Wednesday, December 17, 2014

Will the Real Pirate Please Stand Up

Pam Keyes recently published an article about Daniel Todd Patterson's activities against innocent bystanders during the Patterson-Ross raid at Barataria.

If you review the evidence objectively, it was Patterson, not Laffite, who was the real pirate. I have nothing to add to what Pam Keyes has uncovered except to ask:

  •           Why did Patterson behave this way?
  •           Why were all complaints against this behavior met with indifference?
  •            Who really gained from the Patterson-Ross raid?
  •            Why don't the history books tell us about this? 
 I know a lot of people who say: "Don't rehash old history. Don't keep reliving the past. You can't change the past, so concentrate on the present."

I am concentrating on the present. But how do we fix the present, if we don't understand the past?

Isn't this an ongoing problem?


  1. As it turns out, Patterson is a complex character, not easily analyzed. On the face of the evidence, I would say it looks like he was a somewhat corrupt, possibly treasonous Navy official. He was definitely avaricious, and either foolhardy or complicit when it came to the British invasion. To be fair, a study of the man has to include an examination of the nearly two years he spent as a prisoner of war by the Barbary pirates at Tripoli from 1803-1805, as this incarceration could have damaged him psychologically, but not enough is known about the conditions under which those prisoners were kept.

    1. While it might be interesting to delve into Patterson's psychology and find out what made him tick, what is more disturbing is that his actions were neither checked by superiors nor censured by historians. A corrupt official can perhaps get away with hidden practices that no one knows about, but how could Patterson for years and years get away with what he did at Barataria without anyone in power taking him to task, when it was all out in the open. This is not merely a stain on his honor but on the United States Navy and the country as a whole. That nothing was done about it reflects on people in the highest places.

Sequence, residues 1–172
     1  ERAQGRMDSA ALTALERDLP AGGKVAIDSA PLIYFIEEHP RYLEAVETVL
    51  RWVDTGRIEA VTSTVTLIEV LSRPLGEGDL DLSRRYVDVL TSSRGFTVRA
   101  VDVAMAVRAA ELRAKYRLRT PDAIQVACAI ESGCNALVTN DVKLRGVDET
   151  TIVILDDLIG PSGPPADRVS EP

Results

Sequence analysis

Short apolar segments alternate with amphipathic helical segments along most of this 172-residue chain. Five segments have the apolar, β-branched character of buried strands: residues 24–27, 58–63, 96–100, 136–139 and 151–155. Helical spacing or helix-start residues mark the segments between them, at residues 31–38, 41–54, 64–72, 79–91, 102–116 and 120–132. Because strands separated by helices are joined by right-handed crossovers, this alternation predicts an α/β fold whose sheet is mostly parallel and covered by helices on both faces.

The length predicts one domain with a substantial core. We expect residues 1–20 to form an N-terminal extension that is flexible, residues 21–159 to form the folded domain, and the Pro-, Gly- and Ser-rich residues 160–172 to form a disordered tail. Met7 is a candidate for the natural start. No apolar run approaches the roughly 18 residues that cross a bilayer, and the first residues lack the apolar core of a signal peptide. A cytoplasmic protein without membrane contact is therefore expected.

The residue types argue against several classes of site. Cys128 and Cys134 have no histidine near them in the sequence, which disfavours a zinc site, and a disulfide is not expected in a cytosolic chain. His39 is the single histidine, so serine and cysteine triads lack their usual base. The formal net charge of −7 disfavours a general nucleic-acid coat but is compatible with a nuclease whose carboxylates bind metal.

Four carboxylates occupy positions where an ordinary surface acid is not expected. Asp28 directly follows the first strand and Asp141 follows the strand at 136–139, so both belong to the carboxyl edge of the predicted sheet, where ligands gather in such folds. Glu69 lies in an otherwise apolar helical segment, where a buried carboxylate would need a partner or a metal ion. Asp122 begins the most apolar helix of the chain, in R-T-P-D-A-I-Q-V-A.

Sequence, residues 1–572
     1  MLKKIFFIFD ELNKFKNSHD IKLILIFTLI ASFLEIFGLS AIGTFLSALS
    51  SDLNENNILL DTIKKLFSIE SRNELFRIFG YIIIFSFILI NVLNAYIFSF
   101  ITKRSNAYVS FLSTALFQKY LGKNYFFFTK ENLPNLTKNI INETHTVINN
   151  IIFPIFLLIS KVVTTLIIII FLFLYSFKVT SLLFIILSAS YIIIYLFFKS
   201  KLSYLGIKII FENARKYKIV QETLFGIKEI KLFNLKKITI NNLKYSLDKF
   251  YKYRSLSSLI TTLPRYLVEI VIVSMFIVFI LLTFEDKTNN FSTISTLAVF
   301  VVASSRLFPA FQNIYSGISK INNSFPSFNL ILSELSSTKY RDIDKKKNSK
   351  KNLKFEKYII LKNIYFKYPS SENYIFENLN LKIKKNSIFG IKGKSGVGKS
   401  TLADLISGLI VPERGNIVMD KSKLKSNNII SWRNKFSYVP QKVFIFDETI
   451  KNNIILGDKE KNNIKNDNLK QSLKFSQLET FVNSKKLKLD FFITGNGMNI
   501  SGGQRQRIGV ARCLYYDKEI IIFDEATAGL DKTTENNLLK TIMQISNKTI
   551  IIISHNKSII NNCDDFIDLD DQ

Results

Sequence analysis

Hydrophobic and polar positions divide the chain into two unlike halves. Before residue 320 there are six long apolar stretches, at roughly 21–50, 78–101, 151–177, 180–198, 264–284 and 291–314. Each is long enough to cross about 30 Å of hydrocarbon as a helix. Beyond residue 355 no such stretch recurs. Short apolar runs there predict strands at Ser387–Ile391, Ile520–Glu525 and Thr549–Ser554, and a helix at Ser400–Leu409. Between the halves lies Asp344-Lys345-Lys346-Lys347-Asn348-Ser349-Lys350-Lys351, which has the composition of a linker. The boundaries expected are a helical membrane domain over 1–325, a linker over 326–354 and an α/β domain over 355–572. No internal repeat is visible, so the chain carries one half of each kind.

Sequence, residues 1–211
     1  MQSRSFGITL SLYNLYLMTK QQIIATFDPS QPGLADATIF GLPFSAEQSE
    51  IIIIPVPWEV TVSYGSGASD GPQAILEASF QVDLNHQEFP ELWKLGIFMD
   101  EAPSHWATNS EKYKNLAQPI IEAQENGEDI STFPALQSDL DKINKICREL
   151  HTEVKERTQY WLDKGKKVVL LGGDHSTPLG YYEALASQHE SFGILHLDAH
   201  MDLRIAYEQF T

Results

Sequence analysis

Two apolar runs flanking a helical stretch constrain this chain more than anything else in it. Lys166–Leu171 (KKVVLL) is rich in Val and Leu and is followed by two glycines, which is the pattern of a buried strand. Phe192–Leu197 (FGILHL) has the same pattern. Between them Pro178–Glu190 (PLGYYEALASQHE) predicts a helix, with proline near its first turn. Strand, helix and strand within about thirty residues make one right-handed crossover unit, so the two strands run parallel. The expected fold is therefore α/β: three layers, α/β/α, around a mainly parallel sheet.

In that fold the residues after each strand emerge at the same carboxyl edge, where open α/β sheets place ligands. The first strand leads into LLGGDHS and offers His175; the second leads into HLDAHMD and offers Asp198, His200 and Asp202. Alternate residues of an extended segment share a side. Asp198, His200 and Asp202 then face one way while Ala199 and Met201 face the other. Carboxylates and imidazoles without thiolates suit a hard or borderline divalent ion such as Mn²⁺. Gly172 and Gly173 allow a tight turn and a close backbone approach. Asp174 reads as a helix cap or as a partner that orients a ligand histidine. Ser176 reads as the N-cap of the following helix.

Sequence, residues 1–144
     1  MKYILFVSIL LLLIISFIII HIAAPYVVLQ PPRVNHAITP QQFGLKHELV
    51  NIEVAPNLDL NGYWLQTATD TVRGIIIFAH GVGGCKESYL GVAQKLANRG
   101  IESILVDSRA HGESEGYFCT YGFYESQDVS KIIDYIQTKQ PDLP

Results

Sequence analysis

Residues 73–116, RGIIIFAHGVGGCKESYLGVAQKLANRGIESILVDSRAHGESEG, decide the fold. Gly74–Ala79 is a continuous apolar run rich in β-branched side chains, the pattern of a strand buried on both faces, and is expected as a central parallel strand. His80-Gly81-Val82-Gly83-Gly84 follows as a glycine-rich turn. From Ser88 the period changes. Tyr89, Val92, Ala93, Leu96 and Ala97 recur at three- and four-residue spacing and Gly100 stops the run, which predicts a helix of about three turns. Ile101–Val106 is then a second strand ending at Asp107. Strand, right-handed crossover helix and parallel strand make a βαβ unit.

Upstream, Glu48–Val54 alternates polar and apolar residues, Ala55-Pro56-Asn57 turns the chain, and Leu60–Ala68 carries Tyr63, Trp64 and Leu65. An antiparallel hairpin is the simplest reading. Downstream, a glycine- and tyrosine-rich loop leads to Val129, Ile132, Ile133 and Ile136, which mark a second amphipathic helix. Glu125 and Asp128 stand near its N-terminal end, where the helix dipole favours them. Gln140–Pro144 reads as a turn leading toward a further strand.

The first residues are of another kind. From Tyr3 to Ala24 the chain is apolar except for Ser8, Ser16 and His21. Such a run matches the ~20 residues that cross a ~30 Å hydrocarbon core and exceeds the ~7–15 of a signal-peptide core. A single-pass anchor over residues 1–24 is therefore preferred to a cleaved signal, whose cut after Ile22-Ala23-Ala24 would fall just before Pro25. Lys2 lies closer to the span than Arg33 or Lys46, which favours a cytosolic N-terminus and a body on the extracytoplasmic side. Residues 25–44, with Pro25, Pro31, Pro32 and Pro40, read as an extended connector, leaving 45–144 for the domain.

2. Well, there were political machinations behind how Patterson's raid on Barataria was perceived by his superiors and others in power in the US. That's how Ross was able to get a Congressional bill passed giving them the money from the raid a bit over two years later. Since Ross had died by then, Patterson got it all.

    3. What did the political machinations consist of? Bribery? Coercion? Why, for instance, did President Madison not respond to Jean Laffite's letter? Why didn't he ask Patterson to explain his actions? Even if the treasury was empty, Patterson could have been forced to reimburse the Laffites -- as well as Joseph Martinot and anyone else robbed on that raid, from his own funds, just as Livingston was made to reimburse the US government for funds embezzled under him when he was sick.

    4. The answer to that is complicated. Patterson raided Grande Terre under direct orders from the Secretary of the Navy, who provided him with the Carolina to accomplish just that. Patterson and Claiborne had been complaining for months earlier about the Baratarian smugglers diverting funds from New Orleans, particularly after the April 1814 panic, which was caused by two bank clerks and not the Laffites at all. Patterson was a member of the Livingston family, with great political power in New York and D.C., so any mis-steps he made were looked at with blind eyes accordingly. His worst mistake was in losing almost all his fleet in the Battle of Lake Borgne, for which he should have been court-martialed, but he was not. President Madison did not respond to Jean Laffite's letter because George Ross had already preceded Laffite to DC and set the wheels in motion to get the money awarded to them: it is likely that Madison did not even allow Laffite an audience to present his case. In any event, Patterson could not have reimbursed the Laffites for their loss, because he didn't have the money as cash in hand for quite some time. His wife was wealthy (she was a banker's daughter), but Patterson himself was not (at least until after the money award, and except for whatever bank notes, etc., were stolen and not accounted for in the raid.)

    5. I suppose it also complicates matters that the Secretary of the Navy during the raid on Barataria was William Jones, but his term of office ended December 1, 1814, and he was not replaced until after the Battle of New Orleans by Benjamin Crowninshield. What is the story behind that, do you know?

      Right during the Battle of New Orleans Patterson's immediate superior could not have been the Secretary of the Navy, as there wasn't one.